While some think that America’s declining infrastructure is a national-security threat, Dorrinson strongly disagrees. “If immigrants somehow get over the wall, the condition of our bridges and roads will keep them from getting very far,” he said.

Solidarity for Never

The Torment and Demise of the United Auto Workers Union as Performed by
the Auto Bosses, the Labor Leaders, Counterfeit Radicals, Fictional Revolutionaries,
and All Those Who Know They Are Not Innocent Either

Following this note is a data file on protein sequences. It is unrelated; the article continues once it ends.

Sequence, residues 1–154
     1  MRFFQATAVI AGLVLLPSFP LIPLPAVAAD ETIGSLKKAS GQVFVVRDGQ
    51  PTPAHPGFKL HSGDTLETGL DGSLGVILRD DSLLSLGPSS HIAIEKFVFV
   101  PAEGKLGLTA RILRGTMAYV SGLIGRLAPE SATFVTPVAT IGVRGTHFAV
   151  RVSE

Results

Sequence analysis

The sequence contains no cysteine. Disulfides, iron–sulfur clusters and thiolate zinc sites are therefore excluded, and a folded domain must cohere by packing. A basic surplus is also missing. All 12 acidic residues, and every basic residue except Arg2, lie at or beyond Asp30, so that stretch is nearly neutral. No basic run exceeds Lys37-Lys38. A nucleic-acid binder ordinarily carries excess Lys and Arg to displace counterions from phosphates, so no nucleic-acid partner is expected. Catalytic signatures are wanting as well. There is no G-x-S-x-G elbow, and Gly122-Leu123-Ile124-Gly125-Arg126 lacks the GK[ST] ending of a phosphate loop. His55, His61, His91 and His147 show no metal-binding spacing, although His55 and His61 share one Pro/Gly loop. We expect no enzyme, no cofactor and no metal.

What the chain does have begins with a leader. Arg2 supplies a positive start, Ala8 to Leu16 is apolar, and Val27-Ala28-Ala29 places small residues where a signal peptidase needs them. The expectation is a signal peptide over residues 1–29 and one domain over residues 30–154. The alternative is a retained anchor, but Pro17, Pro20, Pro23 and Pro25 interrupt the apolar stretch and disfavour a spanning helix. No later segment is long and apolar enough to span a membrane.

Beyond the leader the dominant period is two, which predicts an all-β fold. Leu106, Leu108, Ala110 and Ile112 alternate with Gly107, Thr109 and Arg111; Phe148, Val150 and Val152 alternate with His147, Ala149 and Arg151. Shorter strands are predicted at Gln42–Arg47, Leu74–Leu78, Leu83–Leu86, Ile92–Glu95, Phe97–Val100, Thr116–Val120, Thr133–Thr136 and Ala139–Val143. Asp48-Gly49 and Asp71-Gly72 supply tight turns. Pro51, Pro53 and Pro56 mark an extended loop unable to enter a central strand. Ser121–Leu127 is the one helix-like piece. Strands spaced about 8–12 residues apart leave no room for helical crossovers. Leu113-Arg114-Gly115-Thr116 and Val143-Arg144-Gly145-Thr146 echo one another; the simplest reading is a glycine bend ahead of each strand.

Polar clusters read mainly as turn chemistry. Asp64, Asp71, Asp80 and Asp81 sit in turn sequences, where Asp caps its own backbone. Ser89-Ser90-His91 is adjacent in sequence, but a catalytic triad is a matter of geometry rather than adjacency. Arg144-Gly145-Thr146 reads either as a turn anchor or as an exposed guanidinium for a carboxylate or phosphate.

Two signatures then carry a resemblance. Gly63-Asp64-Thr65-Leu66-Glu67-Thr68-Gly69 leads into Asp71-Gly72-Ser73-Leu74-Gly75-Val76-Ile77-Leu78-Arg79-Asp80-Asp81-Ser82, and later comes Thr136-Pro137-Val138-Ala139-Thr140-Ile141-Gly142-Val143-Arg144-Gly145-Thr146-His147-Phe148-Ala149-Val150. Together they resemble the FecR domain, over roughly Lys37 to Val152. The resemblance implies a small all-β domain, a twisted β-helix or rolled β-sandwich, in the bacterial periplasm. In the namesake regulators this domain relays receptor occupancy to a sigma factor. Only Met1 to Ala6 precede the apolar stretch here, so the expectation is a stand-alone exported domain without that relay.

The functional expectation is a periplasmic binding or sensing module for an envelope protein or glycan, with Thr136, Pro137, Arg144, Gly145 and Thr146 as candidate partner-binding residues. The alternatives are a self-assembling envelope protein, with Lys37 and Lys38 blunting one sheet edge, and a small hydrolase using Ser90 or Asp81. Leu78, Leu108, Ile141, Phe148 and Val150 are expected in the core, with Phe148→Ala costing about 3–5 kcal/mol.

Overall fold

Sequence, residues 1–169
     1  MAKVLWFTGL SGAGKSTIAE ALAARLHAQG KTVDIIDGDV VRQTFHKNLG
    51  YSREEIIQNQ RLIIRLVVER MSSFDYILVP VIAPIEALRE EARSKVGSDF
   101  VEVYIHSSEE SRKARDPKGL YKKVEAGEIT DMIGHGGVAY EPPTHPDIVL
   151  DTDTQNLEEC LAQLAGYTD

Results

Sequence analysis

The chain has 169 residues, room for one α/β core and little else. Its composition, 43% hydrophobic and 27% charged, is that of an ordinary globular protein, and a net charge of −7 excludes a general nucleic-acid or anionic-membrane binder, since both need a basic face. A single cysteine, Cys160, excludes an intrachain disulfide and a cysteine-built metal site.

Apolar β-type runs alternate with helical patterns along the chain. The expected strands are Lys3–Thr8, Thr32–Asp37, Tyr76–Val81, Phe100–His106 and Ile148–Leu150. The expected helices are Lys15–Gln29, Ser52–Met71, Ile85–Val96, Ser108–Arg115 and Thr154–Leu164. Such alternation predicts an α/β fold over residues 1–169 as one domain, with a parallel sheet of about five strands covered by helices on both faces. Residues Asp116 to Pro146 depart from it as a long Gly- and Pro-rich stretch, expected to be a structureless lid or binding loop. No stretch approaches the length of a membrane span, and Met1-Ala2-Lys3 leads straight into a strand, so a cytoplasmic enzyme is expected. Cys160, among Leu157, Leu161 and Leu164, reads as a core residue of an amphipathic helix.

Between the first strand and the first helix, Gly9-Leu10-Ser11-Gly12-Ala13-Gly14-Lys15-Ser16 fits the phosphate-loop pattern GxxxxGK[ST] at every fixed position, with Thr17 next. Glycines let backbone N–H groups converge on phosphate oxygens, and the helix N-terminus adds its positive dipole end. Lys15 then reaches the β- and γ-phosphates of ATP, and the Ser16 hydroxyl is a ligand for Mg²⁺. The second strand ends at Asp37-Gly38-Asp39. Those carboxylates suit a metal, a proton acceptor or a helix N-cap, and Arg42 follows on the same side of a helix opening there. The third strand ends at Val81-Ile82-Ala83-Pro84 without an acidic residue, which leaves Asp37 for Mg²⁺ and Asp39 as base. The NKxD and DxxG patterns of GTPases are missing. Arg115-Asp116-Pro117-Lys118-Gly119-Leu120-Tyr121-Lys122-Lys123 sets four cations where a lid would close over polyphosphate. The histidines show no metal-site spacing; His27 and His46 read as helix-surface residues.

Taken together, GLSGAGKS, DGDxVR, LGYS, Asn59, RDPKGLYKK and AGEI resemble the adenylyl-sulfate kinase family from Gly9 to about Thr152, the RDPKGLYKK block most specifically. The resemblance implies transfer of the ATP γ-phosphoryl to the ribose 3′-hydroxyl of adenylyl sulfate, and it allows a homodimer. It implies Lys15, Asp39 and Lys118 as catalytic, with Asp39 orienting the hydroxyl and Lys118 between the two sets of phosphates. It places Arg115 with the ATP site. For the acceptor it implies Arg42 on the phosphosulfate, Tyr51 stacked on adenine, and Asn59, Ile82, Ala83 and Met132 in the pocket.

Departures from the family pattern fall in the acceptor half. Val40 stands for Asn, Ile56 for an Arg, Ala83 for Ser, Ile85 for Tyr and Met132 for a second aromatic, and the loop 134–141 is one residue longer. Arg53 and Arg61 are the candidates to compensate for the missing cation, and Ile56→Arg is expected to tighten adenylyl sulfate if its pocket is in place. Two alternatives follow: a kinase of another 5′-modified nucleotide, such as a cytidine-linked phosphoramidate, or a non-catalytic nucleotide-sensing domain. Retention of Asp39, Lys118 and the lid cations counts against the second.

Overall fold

1. In closed sessions of the United Auto Workers’ convention the carefully culled leaders of the UAW’s Administration Caucus, the sole party in the UAW’s single party state, painstakingly maneuvered through scripted spontaneous demonstrations as one under-boss after another was elected, nearly unanimously, and one program after the next was adopted as the next breakthrough strategy. One of the few dissident delegates who made it inside called the convention “an excruciating performance of untalented vampires doing a ritual dance on the graves of the members.” The UAW lost almost one million members in the last 30 years, down now to 598,648,1 and falling fast (down from a 1969 peak of 1,530,870 members) as the union continued to organize a retreat that began in the 1970’s, urging thousands of GM and Delphi workers to take retirement buyouts, to save the companies once again.